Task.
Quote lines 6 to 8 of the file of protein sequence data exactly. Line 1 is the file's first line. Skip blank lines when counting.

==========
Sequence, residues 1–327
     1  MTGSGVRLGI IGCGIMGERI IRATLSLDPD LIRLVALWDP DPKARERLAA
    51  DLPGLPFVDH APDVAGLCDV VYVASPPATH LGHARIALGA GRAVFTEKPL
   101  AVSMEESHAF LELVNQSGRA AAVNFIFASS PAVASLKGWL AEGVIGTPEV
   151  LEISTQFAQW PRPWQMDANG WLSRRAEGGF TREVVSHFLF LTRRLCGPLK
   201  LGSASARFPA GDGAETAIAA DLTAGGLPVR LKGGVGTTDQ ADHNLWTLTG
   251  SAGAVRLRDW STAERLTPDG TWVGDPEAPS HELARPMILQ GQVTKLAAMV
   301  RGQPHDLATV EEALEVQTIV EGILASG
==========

   201  LGSASARFPA GDGAETAIAA DLTAGGLPVR LKGGVGTTDQ ADHNLWTLTG
   251  SAGAVRLRDW STAERLTPDG TWVGDPEAPS HELARPMILQ GQVTKLAAMV
   301  RGQPHDLATV EEALEVQTIV EGILASG